Christian v. Commerce Bank N.A. et al
MEMORANDUM AND ORDER IT IS HEREBY ORDERED that Defendants motion for leave to file their responsive pleading out of time is GRANTED. (Doc. No. 20.) The Clerk of the Court is directed to detach the proposed responsive pleading, Doc. No. 20-1, and file it herein as Defendants' motion for a more definite statement. Signed by District Judge Audrey G. Fleissig on 5/29/2014. (NCL)
UNITED STATES DISTRICT COURT
EASTERN DISTRICT OF MISSOURI
FRED CHRISTIAN, d/b/a Sparkle
Quality Cleaners and Laundry,
COMMERCE BANK, N.A., et al.
Case No. 4:14CV00201 AGF
MEMORANDUM AND ORDER
Plaintiff, Fred Christian, who is proceeding pro se, brings this action alleging
discriminatory denial of a small business loan. Now before the Court is the motion of
Defendants Commerce Bank, N. A. and Jeannine Murphy for leave to file their
responsive pleading out of time and Plaintiff’s objection thereto. For the reasons set forth
below, Defendants’ motion will be granted.
I. Defendants’ Motion for Leave to File Responsive Pleading
Defendants were served with Plaintiff’s state court complaint on January 10, 2014.
Defendants were therefore required to respond to the complaint within 30 days of service,
on or before February 10, 2014, but did not do so. On May 5, 2014, Defendants filed
their motion for leave to respond out of time. With respect to their motion, Defendants’
counsel asserts that the press of other urgent matters in his practice prevented him from
filing a timely responsive pleading and he now seeks leave to file a motion for more
definite statement. Plaintiff opposes Defendants’ motion, 1 arguing that Defendants are
technically in default and that their actions in this case, including the failure to file a
timely responsive pleading, have been dilatory and designed to delay the proceedings.
The Court notes that there is a recognized ‘“judicial preference for adjudication on
the merits.’” Jones v. Foster, No. 4:12–CV–136 CAS, 2013 WL 508922, at *1 (E.D. Mo.
Feb. 12, 2013) (quoting Oberstar v. F.D.I.C, 987 F.2d 494, 504 (8th Cir. 1993)). As a
result of this preference, courts consider whether a party promptly responds to a missed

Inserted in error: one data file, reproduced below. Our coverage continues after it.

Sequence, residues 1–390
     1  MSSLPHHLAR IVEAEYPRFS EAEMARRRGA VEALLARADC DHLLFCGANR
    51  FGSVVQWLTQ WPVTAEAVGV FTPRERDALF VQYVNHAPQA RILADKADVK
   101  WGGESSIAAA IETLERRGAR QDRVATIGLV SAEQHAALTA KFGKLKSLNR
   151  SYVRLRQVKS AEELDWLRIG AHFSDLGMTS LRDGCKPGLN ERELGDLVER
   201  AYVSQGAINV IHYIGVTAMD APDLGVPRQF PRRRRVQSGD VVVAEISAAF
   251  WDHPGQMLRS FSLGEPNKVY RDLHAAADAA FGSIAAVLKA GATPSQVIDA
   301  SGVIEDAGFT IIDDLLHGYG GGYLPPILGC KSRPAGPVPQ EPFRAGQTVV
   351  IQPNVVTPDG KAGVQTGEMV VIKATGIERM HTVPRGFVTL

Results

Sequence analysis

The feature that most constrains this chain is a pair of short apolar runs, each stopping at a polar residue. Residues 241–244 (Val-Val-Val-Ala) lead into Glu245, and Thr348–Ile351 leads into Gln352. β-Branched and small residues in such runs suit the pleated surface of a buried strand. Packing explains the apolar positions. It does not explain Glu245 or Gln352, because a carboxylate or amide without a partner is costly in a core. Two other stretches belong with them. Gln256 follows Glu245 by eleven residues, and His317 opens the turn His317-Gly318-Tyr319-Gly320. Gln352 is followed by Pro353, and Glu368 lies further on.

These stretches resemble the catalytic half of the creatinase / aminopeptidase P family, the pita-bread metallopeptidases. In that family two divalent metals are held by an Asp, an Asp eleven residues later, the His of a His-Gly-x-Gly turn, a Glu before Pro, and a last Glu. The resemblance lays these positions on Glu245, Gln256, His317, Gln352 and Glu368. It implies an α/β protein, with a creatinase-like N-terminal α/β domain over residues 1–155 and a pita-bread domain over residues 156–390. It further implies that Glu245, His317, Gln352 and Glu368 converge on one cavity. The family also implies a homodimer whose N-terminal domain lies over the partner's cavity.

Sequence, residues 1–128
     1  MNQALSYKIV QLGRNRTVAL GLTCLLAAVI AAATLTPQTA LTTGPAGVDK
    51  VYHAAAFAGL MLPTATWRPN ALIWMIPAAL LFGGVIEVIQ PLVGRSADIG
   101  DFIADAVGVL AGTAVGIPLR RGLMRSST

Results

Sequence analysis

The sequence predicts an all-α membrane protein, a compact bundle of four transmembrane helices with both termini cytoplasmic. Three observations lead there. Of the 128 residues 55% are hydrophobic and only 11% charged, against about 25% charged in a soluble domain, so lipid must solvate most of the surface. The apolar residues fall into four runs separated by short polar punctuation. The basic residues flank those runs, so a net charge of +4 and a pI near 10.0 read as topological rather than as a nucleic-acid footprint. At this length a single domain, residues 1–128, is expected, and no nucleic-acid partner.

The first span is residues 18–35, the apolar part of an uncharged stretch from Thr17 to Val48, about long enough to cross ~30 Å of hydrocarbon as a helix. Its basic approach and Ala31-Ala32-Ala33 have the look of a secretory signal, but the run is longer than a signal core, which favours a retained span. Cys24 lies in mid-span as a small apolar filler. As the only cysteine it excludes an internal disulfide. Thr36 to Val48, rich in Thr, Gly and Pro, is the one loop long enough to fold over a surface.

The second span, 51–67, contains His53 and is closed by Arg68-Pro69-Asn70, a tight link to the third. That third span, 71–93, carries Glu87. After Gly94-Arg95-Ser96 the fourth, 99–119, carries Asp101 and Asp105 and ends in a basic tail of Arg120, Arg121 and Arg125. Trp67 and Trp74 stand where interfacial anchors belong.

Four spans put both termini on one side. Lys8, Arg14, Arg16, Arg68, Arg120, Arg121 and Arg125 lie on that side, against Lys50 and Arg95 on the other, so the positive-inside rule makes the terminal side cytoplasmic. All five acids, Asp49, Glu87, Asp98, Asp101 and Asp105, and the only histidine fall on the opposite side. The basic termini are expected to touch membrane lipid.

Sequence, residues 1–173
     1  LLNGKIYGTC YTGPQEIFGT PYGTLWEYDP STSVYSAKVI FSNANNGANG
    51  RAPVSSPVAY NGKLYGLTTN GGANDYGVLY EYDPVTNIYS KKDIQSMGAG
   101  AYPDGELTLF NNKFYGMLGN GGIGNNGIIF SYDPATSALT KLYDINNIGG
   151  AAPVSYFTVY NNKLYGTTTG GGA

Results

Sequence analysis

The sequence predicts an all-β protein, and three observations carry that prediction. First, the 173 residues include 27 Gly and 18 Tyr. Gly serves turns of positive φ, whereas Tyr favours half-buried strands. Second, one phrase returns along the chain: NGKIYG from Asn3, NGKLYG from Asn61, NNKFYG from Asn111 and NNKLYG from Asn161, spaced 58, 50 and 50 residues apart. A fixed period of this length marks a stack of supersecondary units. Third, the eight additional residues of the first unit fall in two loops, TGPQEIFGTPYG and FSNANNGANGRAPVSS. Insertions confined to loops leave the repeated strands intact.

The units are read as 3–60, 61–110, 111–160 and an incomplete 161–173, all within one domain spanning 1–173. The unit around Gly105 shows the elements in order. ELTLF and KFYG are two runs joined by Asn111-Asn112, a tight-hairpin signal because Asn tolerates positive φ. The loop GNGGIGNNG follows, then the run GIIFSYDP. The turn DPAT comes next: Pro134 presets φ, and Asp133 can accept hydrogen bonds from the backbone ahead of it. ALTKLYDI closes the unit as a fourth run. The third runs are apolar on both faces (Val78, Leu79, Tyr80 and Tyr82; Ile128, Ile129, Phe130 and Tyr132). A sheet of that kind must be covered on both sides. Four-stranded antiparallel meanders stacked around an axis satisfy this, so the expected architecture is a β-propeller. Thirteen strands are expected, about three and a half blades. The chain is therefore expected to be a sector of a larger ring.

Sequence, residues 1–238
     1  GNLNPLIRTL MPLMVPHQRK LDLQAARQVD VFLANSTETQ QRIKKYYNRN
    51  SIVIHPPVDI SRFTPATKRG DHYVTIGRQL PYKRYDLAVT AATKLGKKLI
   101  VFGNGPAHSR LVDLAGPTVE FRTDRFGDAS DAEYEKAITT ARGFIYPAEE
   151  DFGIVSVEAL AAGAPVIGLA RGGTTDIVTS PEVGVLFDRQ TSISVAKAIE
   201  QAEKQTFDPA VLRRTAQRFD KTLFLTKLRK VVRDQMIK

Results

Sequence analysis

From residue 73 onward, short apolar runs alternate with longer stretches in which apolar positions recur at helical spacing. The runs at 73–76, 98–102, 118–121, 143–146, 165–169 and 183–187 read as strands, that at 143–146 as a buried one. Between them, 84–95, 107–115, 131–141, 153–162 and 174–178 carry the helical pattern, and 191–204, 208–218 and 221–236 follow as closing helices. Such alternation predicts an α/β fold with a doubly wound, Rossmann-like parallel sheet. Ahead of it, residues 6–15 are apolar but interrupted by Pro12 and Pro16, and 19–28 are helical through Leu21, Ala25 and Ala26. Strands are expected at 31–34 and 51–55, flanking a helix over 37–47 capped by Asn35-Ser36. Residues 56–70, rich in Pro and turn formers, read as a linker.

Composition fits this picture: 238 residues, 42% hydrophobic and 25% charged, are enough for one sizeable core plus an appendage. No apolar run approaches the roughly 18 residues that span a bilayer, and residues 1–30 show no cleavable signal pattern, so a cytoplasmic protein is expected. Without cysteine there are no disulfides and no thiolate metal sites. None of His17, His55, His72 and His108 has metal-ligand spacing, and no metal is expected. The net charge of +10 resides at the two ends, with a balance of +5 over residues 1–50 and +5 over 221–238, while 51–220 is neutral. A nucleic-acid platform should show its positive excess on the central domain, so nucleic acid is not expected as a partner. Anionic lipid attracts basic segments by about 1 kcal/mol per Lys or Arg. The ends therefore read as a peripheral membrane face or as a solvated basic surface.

deadline or otherwise has acted to defend the case on the merits. See Hebda v. Lammers,
No. CIV. 12–4050, 2012 WL 3524810, at *1 (D.S.D. Aug. 15, 2012) (citing Johnson v.
Dayton Elec. Manu. Co., 140 F.3d 781, 785 (8th Cir. 1998). Where the party has done
so, courts frequently hold that the late filing is an oversight rather than an occasion to
declare default. Id.
Here the record suggests the failure was simply due to oversight. This is not a
case where Defendants have failed to appear or take action to defend themselves. This
case was removed to federal court by Defendants, and since their removal, Defendants
have been active participants in this case, having opposed several of Plaintiff’s motions.
In addition, the record indicates that Defendants filed their request for leave to respond
out of time before Plaintiff made any motion in this regard. Thus the Court cannot agree
that Defendants’ failure to timely respond is part of an overall strategy of delay. See
Taylor v. City of Ballwin, Mo., 859 F.2d 1330, 1332 (8th Cir. 1988) (holding that only a
The Court notes that Plaintiff’s opposition to Defendants’ motion was itself not timely
filed, as the certificate of service is dated May 19, and the envelope indicates its mailing
to the Court on May 21, 2014.
“clear record of delay or contumacious conduct” warrants a refusal to permit a party to
respond and the entry of default).
Finally, given the progress of the case, the Court cannot find and Plaintiff does not
assert that he has been prejudiced by the minimal delay at issue here. Little has
transpired in this case, other than preliminary motions, some of which related to
discovery requests Plaintiff served in state court and Plaintiff’s notice of appeal of this
Court’s Order on those motions. The Rule 16 Conference is not scheduled until June 10,
2014. In the absence of prejudice, to deny Defendants leave to file and declare a default
would be to ignore the judicial preference for resolution on the merits and to permit the
outcome of this matter to hinge upon a technicality rather than substance. See, e.g.,
United States v. Harre, 983 F.2d 128, 129-30 (8th Cir. 1993) (holding that a district court
abused its discretion by entering a default judgment “for a marginal failure to comply
with the time requirements”).
Therefore, in consideration of the Defendants’ showing of excusable neglect, the
Court’s preference for the resolution of cases on their merits, and the absence of
prejudice to Plaintiff, the Court will permit Defendants to file their responsive pleading
out of time.2
IT IS HEREBY ORDERED that Defendants’ motion for leave to file their
responsive pleading out of time is GRANTED. (Doc. No. 20.) The Clerk of the Court is
To the extent that Plaintiff’s objection to Defendants’ request for leave may be
construed as a motion for entry of default that motion is implicitly denied. See Doc. No.
directed to detach the proposed responsive pleading, Doc. No. 20-1, and file it herein as
Defendants’ motion for a more definite statement.
AUDREY G. FLEISSIG
UNITED STATES DISTRICT JUDGE
Dated this 29th day of May, 2014.
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